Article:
That’s not to say IS intends to abandon the territorial gains it has made in Iraq and Syria. It would not have endeavored to claim them if they were unimportant to its goals. But territory is a luxury, not a necessity. The restoration of the caliphate was, in effect, a restoration of Muslim dignity.

All of this hints at what the Islamic State’s next target may be: Saudi Arabia, the steward of Islam’s holiest sites. The country is religious; women must be accompanied by men in public and must cover their faces, and punishments for crimes are derived from Islamic law. But if you’re a fundamentalist, it’s hard not to question Saudi piety. The royals who govern the country live lives of opulence. They drive expensive cars and host debauched parties, rife with alcohol and attended by prostitutes. The Islamic State looks at Saudi Arabia and sees a bunch of hypocrites.

In this hypocrisy the Islamic State sees opportunity. Saudi Arabia is weak and troubled, but more important are the regional dynamics in play. Now that the Islamic State is in retreat, Iran, the de facto leader of the Shiites, is expanding its influence. Saudi Arabia, the de facto leader of the Sunnis, has framed itself as the dam that will stop the rising tide of Iran. The Islamic State has frequently and effectively used sectarian rivalries to its advantage, and there is no bigger sectarian rivalry in the region than the one between Saudi Arabia and Iran.

The Islamic State may be quiet, but there’s no reason to believe it’ll be quiet for long.

Editor’s note: Today’s This Week in Geopolitics is taken from an e-book published by Geopolitical Futures titled “The Rise and Fall of the Islamic State.” The e-book is free for paid subscribers and available for purchase for free subscribers. Please click here to download the report.

George Friedman
George Friedman

Discuss This

We welcome your comments. Please comply with our Community Rules.


There are no comments at this time.

Use of this content, the Mauldin Economics website, and related sites and applications is provided under the Mauldin Economics Terms & Conditions of Use.

Unauthorized Disclosure Prohibited

The information provided in this publication is private, privileged, and confidential information, licensed for your sole individual use as a subscriber. Mauldin Economics reserves all rights to the content of this publication and related materials. Forwarding, copying, disseminating, or distributing this report in whole or in part, including substantial quotation of any portion the publication or any release of specific investment recommendations, is strictly prohibited.
Participation in such activity is grounds for immediate termination of all subscriptions of registered subscribers deemed to be involved at Mauldin Economics’ sole discretion, may violate the copyright laws of the United States, and may subject the violator to legal prosecution. Mauldin Economics reserves the right to monitor the use of this publication without disclosure by any electronic means it deems necessary and may change those means without notice at any time. If you have received this publication and are not the intended subscriber, please contact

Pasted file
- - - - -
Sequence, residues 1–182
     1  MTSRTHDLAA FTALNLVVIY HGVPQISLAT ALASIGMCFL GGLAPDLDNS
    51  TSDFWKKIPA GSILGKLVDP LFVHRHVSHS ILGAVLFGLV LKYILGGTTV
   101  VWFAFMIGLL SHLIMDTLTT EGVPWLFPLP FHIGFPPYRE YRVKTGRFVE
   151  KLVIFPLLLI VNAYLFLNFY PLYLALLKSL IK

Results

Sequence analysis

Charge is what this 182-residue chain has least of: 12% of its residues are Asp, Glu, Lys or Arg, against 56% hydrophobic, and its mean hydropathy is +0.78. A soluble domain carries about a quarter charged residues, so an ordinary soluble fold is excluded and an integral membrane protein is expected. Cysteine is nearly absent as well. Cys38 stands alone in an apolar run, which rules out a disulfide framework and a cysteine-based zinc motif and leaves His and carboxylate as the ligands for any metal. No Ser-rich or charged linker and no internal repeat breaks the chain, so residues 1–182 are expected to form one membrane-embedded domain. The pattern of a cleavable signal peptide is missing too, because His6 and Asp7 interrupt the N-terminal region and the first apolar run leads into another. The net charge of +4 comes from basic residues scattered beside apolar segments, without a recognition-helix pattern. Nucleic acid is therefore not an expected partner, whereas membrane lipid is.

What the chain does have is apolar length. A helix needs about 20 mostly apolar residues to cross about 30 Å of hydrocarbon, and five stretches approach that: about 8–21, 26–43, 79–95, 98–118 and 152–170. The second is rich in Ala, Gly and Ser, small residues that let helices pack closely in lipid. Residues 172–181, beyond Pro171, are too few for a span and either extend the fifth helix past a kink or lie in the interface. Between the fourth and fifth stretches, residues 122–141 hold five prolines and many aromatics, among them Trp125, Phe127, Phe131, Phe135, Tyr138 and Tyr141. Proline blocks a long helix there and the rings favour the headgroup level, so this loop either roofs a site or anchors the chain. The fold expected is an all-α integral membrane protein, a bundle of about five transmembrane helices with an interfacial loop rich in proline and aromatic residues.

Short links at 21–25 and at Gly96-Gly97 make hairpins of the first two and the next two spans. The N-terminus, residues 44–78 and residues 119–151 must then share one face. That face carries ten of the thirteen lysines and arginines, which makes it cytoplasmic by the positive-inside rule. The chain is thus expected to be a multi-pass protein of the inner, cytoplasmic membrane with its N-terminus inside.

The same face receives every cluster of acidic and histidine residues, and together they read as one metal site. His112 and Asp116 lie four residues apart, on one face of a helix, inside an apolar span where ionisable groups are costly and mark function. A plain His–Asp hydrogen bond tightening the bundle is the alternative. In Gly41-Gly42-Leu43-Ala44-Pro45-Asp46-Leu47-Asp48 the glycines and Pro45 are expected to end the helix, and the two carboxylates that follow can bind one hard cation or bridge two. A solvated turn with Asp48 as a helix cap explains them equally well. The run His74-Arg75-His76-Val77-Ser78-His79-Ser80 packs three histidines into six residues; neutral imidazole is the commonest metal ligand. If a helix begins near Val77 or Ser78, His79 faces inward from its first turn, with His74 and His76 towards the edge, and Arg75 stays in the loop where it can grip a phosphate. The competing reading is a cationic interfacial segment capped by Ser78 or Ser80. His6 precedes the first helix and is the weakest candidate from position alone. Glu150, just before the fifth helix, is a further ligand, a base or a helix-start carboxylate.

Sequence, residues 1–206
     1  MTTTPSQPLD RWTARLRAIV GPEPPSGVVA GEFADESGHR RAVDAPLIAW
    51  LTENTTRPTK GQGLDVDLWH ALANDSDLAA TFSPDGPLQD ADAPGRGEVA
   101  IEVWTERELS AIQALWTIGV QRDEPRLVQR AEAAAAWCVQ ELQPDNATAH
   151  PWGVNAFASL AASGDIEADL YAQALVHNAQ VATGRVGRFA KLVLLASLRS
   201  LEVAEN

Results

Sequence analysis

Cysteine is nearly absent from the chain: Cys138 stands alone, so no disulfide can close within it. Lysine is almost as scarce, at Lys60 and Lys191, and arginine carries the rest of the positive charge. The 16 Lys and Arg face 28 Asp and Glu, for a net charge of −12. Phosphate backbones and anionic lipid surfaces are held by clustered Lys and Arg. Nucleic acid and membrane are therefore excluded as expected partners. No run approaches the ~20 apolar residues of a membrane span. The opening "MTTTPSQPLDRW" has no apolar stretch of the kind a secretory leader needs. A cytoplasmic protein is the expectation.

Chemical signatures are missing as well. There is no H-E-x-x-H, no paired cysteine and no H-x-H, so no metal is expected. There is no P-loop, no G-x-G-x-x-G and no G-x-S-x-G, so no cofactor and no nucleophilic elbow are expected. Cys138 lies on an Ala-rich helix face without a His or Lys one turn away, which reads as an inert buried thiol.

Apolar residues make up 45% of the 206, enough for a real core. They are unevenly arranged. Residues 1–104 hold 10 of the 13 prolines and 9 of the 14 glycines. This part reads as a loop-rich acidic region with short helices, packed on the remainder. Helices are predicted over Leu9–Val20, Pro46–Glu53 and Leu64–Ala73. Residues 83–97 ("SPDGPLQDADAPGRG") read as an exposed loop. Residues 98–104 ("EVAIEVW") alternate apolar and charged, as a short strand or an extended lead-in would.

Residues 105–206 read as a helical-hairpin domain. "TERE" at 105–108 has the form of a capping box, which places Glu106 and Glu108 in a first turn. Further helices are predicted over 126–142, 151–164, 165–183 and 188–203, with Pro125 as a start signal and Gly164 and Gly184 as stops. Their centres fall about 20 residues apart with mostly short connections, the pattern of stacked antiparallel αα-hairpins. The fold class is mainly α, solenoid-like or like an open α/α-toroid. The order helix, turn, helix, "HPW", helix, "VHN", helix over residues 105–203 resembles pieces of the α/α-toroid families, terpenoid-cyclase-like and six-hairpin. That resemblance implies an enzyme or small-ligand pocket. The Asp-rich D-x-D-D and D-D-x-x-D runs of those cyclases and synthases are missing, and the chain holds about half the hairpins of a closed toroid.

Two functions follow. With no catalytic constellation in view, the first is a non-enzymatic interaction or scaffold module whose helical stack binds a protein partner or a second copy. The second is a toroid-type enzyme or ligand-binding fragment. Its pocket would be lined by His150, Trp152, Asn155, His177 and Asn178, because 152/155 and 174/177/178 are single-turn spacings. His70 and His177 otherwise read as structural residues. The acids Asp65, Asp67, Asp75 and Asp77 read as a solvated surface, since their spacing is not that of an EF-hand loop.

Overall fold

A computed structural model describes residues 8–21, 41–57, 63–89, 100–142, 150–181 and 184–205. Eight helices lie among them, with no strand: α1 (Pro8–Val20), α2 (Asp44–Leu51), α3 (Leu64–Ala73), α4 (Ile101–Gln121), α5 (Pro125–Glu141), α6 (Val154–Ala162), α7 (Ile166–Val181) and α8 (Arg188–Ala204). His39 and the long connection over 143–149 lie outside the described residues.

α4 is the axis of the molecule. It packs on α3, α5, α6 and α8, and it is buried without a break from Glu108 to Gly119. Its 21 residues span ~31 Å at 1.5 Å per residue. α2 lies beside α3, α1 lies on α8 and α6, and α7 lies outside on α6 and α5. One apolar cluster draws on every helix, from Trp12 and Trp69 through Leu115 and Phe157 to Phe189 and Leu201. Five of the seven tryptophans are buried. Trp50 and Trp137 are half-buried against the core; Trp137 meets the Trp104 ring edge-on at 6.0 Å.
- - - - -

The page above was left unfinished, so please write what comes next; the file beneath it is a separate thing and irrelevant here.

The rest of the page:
The Mauldin Economics website, Thoughts from the Frontline, The Weekly Profit, The 10th Man, Connecting the Dots, Transformational Technology Digest, Over My Shoulder, Yield Shark, Transformational Technology Alert, Rational Bear, Street Freak, ETF 20/20, In the Money, and Mauldin Economics VIP are published by Mauldin Economics, LLC Information contained in such publications is obtained from sources believed to be reliable, but its accuracy cannot be guaranteed. The information contained in such publications is not intended to constitute individual investment advice and is not designed to meet your personal financial situation. The opinions expressed in such publications are those of the publisher and are subject to change without notice. The information in such publications may become outdated and there is no obligation to update any such information. You are advised to discuss with your financial advisers your investment options and whether any investment is suitable for your specific needs prior to making any investments.
John Mauldin, Mauldin Economics, LLC and other entities in which he has an interest, employees, officers, family, and associates may from time to time have positions in the securities or commodities covered in these publications or web site. Corporate policies are in effect that attempt to avoid potential conflicts of interest and resolve conflicts of interest that do arise in a timely fashion.
Mauldin Economics, LLC reserves the right to cancel any subscription at any time, and if it does so it will promptly refund to the subscriber the amount of the subscription payment previously received relating to the remaining subscription period. Cancellation of a subscription may result from any unauthorized use or reproduction or rebroadcast of any Mauldin Economics publication or website, any infringement or misappropriation of Mauldin Economics, LLC’s proprietary rights, or any other reason determined in the sole discretion of Mauldin Economics, LLC.

Affiliate Notice

Mauldin Economics has affiliate agreements in place that may include fee sharing. If you have a website or newsletter and would like to be considered for inclusion in the Mauldin Economics affiliate program, please go to Likewise, from time to time Mauldin Economics may engage in affiliate programs offered by other companies, though corporate policy firmly dictates that such agreements will have no influence on any product or service recommendations, nor alter the pricing that would otherwise be available in absence of such an agreement. As always, it is important that you do your own due diligence before transacting any business with any firm, for any product or service.

© Copyright 2018 Mauldin Economics